Brooklyn Heights residents will breathe in toxic chemicals for years if the city moves forward with a plan to turn the neighborhood’s Promenade into a six-lane speedway for gas-guzzling cars and trucks during the looming reconstruction of the Brooklyn–Queens Expressway’s triple cantilever, experts warn.
“A 7-year-old would spend their entire childhood exposed to pollution,” said journalist and public-health expert Laurie Garrett, who in 1995 won a Pulitzer Prize for her reporting on an outbreak of the Ebola virus in Africa. “People have homes right there, we don’t have any scheme for how we would keep all the noise and pollution from going right into living rooms and bedrooms.”
The historic Promenade, which sits at the top of the 70-year-old highway’s crumbling three-tiered structure, currently acts as a barrier that blocks the toxic pollutant known as “fine particulate matter,” or pm 2.5, emitted by the 153,000 cars and trucks on the expressway daily from filling the lungs of kids, oldsters, and other vulnerable individuals living in the Heights, according to Garrett.
Bigwigs at the New York State Department of Health warn that pm 2.5 can irritate the eyes, noses, throats, and lungs of people who inhale it, and that prolonged exposure to the noxious particles can increase the risk of chronic bronchitis and death from lung cancer or heart disease.
And if city transportation officials move forward with their so-called “alternative approach” to turn the Promenade into a six-lane speedway for at least six years in order to shore up the 1.5-mile stretch of expressway — which Mayor DeBlasio prefers over the so-called “traditional approach” to rebuild the highway lane by lane, potentially causing traffic for up to 12 miles — then those chemicals would instead fly right into people’s homes, said Garrett, the author of a 2011 tome about the public-health crisis that plagued parts of the city following the 9-11 attacks.
“The alternative route will be literally inches from people’s bedroom windows, inches from playgrounds, and feet from schools and residents throughout, and we don’t have a precedent in the city for doing this to a community,” she said. “Eighteen-wheelers burning fuel, 153,000 vehicles a day rolling right at the level of people’s home windows — this community can be poisoned while we fix this.”
The mere possibility of such an increase in local pollution should be enough for Hizzoner — a self-professed fighter of climate change who still routinely hops into a sport-utility vehicle for the 12-mile drive from his Manhattan residence to his beloved Park Slope gym — to pump the brakes on his preferred repair plan and instead consider alternate solutions, according to Garrett.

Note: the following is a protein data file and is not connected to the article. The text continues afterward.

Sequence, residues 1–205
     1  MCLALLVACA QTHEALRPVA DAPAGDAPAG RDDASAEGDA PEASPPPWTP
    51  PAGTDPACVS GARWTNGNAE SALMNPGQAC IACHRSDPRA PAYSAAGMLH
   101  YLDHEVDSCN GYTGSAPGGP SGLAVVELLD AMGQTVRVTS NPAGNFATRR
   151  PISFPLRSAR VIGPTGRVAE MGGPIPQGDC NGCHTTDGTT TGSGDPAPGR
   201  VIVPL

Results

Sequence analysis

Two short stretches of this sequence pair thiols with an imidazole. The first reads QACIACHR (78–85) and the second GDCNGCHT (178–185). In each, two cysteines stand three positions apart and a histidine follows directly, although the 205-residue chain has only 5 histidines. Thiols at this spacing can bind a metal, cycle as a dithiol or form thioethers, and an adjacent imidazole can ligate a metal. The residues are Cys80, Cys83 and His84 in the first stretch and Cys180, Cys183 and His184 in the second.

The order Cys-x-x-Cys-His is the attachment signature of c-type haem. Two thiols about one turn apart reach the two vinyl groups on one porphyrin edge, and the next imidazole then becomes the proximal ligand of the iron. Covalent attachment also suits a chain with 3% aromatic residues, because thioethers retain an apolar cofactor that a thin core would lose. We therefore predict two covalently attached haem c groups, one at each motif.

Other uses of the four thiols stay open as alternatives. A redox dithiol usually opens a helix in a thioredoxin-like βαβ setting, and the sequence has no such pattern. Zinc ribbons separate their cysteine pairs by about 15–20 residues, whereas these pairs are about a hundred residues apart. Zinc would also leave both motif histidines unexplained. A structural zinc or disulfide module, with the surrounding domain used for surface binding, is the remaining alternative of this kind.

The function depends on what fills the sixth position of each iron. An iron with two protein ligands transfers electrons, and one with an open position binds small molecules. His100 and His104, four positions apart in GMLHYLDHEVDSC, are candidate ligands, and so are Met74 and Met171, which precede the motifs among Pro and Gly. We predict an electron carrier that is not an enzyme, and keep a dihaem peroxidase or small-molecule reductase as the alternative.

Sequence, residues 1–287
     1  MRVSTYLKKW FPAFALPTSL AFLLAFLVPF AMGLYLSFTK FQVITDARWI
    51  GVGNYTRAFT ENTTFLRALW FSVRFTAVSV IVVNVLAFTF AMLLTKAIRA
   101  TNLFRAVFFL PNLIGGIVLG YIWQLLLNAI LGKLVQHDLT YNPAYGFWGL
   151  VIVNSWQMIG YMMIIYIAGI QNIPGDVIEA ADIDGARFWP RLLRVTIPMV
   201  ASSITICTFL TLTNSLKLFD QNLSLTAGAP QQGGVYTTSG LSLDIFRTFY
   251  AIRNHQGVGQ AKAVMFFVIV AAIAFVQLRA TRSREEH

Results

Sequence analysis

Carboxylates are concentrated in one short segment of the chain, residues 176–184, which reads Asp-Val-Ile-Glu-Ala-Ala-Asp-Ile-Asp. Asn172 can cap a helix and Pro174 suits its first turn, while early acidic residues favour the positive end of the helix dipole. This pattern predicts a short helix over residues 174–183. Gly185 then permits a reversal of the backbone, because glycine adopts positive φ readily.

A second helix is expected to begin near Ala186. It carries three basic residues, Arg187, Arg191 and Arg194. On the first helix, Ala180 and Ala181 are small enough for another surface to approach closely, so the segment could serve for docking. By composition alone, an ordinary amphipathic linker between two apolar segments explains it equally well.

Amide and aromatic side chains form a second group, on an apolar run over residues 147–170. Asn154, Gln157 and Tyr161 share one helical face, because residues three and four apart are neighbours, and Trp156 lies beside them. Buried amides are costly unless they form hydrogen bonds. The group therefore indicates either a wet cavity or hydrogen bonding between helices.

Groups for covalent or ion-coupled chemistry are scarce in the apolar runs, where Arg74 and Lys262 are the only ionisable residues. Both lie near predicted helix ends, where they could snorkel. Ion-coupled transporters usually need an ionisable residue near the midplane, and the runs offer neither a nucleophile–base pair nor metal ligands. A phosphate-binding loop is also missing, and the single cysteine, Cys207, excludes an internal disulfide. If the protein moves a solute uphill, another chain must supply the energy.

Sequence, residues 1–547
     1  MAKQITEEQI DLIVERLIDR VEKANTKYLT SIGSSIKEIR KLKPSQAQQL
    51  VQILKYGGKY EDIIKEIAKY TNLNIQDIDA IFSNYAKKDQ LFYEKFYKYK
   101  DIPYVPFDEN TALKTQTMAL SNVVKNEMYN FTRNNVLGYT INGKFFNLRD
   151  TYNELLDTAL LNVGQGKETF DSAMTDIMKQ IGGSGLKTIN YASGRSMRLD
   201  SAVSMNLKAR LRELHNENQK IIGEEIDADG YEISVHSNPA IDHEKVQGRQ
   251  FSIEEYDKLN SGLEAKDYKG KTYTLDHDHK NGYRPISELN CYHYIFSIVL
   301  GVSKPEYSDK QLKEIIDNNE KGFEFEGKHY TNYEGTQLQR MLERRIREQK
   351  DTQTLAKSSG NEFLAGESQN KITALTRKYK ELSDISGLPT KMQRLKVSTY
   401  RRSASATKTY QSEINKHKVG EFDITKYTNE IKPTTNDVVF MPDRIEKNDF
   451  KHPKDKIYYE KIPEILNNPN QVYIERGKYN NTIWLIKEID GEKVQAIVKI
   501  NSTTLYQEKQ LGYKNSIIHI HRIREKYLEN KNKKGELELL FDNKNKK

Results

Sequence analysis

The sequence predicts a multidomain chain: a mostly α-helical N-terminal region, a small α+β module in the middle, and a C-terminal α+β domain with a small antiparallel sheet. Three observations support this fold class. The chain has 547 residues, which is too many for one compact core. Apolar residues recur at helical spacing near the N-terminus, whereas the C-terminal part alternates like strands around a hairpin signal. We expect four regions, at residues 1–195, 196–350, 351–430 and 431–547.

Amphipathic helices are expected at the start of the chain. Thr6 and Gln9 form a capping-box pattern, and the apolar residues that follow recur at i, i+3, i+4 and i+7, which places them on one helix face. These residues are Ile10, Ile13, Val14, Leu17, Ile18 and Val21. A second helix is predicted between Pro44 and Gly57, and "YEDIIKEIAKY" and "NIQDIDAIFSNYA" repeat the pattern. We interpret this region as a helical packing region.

“If we’re serious about climate change, and DeBlasio claims to be, why are we building a superhighway for 153,000 gas-guzzling vehicles everyday?” she said.
Officials — who said both the alternative and traditional approaches for fixing the triple cantilever would cost nearly $4 billion, with the former expected to end as soon as 2026, and latter lasting as long as into 2029 — should instead use that cash to conceive of an entirely new transit scheme for locals, rather than simply rebuild a decades-old roadway that the journalist called infrastructure of the past.
“With $4 billion we could build an amazing people-mover system,” Garrett said. “Why are we still looking at exactly the same technology that Robert Moses was looking at right after World War II?”
And one city pol — who is rumored to be eyeing a run to succeed DeBlasio in the 2021 mayoral election — doubled down on Garrett’s plea, demanding his colleagues explore every possible option for repairing the length of expressway between Atlantic Avenue and Sands Street in order to spare people’s lungs and the Promenade, which must close for a time regardless of the option chosen due to its position atop the highway.
“Have you looked at the long term environmental impact on the surrounding community from property damage, dust, and debris due to the innovative approach?” Comptroller Scott Stringer wrote in a Dec. 17 missive to Hizzoner. “How does maintaining a major highway running through residential neighborhoods help that?”
Leaders of the city’s Department of Transportation, who are overseeing the repairs that could kick off as soon as 2020, are still weighing all their choices, and are about to kick off the job’s environmental-review process, according to a spokeswoman, who said the bigwigs will hold several upcoming meetings with Brooklyn Heights locals and civic leaders worried about the possibility of their beloved walkway turning into a temporary highway.
“We are about to start the environmental-review process, which requires we offer a range of concepts. And contrary to one of [Stringer’s] letter’s major assertions, we have absolutely not ‘eliminated construction-method alternatives’ for BQE reconstruction from further consideration,” said Alana Morales.
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